Department for Business, Energy & Industrial Strategy
Calling on all parts of society to increase climate ambition
COP26 President Alok Sharma's opening remarks given yesterday at the Carbon Market Institute's 7th Australasian Emissions Reduction Summit.
Thank you for that introduction, John.
Very shortly after being appointed to my COP26 role, I visited the United Nations in New York to speak to Permanent Representatives alongside the Secretary General. And on this trip, one meeting struck a particular chord.
It was an informal discussion with Permanent Representatives from developing nations, and we were going round the table, with everyone explaining what climate change meant for their country.
And when we got to the representative from one of the small island developing states. She said quite simply ‘Unless we tackle climate change urgently, I won’t have a place to call home.’
Now for many people across the world, the situation is literally as stark as that.
And that is why we need to work with the greatest urgency to tackle climate change. And ultimately this will require a joint effort on the part of governments, businesses, investors, cities, and regions working in partnership.
To meet the goals of the Paris Agreement, we must decarbonise the global economy up to five times faster over the next 10 years than we have over the past 20 years.
And that is why I am calling on all parts of society to increase their ambition, and to focus efforts on five critical areas: restoring nature, adaptation and resilience, clean energy, clean transport, and finance.
Businesses realise that going green is not just the right thing to do, but it is also what their customers want, and increasingly what drives shareholder value.
Analysis suggests, and many of you will know this, that investments in renewables create more jobs than the equivalent in coal, oil, and gas. Over the past decade we know that the cost of solar power has fallen by 85% and that of wind power by almost 50%. Both are now cheaper than new coal and gas plants in two-thirds of countries.
And that is why the likes of ANZ, Commonwealth Bank, Westpac, and NAB – all major investors – have said they will stop investing in coal power.
Globally, finance is also turning to clean sectors.
Last month, for example, iron ore giant, Fortescue announced plans to build more than 235 gigawatts of renewable capacity.
Our green global future creates enormous opportunities for countries and companies.
And here in the United Kingdom we are seizing those opportunities.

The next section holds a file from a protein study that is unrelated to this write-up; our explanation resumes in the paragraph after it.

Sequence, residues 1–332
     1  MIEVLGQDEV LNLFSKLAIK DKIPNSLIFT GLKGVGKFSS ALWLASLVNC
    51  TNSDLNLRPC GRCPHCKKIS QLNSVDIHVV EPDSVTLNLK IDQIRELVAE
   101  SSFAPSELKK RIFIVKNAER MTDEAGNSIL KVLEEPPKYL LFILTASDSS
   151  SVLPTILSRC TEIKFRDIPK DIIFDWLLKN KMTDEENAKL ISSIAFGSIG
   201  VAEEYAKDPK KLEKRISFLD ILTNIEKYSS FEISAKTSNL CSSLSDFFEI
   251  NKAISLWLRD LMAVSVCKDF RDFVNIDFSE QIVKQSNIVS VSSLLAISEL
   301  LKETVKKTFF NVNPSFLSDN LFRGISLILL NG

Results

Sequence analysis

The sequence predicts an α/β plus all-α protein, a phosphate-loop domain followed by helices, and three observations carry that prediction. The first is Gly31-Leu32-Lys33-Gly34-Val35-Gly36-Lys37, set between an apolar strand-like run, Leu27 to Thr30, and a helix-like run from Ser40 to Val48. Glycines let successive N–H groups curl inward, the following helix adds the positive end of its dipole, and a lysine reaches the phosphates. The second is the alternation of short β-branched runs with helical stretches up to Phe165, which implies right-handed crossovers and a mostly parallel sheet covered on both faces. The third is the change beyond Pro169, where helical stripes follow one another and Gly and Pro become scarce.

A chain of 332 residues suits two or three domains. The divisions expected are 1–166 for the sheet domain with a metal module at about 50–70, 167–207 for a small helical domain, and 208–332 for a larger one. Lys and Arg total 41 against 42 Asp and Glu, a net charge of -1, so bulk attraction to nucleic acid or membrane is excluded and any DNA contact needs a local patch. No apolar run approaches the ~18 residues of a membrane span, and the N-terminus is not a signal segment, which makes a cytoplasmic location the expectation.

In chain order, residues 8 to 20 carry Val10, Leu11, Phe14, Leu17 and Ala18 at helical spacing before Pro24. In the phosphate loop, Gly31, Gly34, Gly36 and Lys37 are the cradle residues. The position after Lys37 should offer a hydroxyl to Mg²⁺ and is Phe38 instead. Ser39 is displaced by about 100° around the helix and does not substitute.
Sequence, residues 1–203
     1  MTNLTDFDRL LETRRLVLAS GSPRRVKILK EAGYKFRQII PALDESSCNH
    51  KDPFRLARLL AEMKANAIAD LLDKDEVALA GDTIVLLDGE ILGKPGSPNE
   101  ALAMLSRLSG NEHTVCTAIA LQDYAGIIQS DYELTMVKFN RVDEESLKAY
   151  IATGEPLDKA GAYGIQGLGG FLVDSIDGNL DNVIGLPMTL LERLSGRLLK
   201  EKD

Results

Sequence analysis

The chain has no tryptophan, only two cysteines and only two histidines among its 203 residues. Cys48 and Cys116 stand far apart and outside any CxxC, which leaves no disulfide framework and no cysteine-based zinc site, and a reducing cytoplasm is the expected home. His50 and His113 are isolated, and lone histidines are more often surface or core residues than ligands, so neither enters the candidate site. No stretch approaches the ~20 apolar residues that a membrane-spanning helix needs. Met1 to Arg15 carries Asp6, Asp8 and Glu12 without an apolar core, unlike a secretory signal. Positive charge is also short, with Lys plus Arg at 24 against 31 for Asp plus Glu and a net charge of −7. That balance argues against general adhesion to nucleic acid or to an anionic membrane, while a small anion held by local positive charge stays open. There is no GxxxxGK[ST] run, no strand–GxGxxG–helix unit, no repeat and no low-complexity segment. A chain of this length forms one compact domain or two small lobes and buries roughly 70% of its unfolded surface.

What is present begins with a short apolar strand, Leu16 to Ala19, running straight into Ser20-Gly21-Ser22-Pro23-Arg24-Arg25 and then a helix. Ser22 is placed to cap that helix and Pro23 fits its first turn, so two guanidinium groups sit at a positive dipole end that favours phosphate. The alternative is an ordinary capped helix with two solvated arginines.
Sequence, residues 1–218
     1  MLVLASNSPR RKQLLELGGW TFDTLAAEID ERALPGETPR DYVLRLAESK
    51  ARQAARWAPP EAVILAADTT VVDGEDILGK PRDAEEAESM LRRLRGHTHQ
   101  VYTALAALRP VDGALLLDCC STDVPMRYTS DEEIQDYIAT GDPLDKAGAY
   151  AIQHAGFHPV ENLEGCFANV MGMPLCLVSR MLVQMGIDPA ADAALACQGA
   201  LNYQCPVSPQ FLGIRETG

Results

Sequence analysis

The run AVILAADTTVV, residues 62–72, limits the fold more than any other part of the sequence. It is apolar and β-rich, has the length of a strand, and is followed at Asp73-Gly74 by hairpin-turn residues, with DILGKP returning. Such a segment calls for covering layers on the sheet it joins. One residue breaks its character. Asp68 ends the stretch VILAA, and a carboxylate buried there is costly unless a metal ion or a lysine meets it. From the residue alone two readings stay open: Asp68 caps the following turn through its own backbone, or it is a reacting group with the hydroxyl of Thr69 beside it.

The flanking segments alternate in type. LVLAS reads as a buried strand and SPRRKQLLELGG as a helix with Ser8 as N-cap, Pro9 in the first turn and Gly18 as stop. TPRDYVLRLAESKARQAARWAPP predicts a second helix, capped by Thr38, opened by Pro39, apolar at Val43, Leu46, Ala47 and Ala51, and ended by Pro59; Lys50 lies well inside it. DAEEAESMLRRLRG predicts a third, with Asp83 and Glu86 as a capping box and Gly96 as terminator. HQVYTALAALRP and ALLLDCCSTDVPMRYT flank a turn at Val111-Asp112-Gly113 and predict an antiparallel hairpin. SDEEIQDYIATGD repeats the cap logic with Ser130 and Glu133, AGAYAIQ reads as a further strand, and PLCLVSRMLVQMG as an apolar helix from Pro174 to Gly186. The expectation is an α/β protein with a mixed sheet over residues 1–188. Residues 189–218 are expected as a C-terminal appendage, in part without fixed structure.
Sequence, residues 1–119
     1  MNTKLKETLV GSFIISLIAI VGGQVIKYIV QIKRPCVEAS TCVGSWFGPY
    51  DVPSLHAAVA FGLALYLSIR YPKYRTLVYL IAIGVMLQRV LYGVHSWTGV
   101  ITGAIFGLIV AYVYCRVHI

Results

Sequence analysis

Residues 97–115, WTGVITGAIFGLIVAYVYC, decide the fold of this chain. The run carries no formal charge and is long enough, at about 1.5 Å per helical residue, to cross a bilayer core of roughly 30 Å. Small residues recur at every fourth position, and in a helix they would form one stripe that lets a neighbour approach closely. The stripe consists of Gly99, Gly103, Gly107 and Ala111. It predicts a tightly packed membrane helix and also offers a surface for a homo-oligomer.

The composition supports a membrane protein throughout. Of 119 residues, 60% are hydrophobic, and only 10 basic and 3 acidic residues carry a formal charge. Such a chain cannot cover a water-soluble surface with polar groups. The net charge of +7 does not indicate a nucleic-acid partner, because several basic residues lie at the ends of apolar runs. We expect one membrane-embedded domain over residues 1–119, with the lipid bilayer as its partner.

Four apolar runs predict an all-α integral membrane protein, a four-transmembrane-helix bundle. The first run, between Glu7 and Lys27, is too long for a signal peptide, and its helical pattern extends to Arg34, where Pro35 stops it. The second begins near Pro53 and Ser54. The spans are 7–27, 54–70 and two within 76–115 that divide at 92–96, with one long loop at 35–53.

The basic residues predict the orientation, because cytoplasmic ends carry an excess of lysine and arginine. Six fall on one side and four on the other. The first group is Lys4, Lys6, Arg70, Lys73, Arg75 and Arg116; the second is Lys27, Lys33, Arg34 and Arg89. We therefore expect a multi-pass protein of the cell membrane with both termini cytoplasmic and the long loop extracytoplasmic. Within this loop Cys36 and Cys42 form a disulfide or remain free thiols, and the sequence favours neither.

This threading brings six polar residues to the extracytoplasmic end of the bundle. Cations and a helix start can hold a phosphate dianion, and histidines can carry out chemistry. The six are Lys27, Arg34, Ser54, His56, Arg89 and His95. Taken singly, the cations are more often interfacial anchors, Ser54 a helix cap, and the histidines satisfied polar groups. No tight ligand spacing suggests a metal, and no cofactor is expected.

We have developed the world’s largest offshore wind sector, and we will accelerate that success with Prime Minister Boris Johnson’s new plan for a green industrial revolution, which was announced last month, and this includes a commitment to quadruple our offshore wind capacity within a decade, supporting many thousands of jobs.
And in the UK, we’ve demonstrated that green growth is absolutely possible. Over the last 30 years, we’ve managed to grow our economy by 75%, and cut our emissions by 43%.
In our experience, setting targets provides investors with confidence and clarity. We were the first major economy to legislate for net-zero emissions by 2050.
And the momentum is now building behind similar targets around the world. Globally more than 120 countries have made carbon neutrality or net zero announcements. And this includes recent examples of targets from Japan, from South Korea, from China, and I urge all other countries to join them.
On 12th December the UK, the UN and France will co-host a summit, in partnership with Italy and Chile, to mark the five-year anniversary of the Paris Agreement.
And we are calling on leaders from across the world to use this moment to announce ambitious climate commitments.
On emissions reductions, on climate finance, and on adaptation.
And we need everyone to play their part. The Race to Zero campaign is a coalition of cities, regions, businesses, and investors which have committed, through science-based targets, to reach net-zero emissions by 2050 at the latest. They already collectively account for 50% of the world’s economy, and 25% of its emissions.
And I would like to thank Australia’s States and Territories which have all made commitments to reach net-zero by 2050. And I urge all of you who have not already done so to join the Race to Zero Campaign.
I also ask investors to sign up to disclose climate risk in line with the recommendations of the Taskforce on Climate-related Financial Disclosures.
This will become mandatory in the UK by 2025 and we need investors around the world to join us.
The world we live in is changing. Growth is increasingly green. And by working together, we can bring about the change that we need, and ultimately help preserve our planet for future generations.
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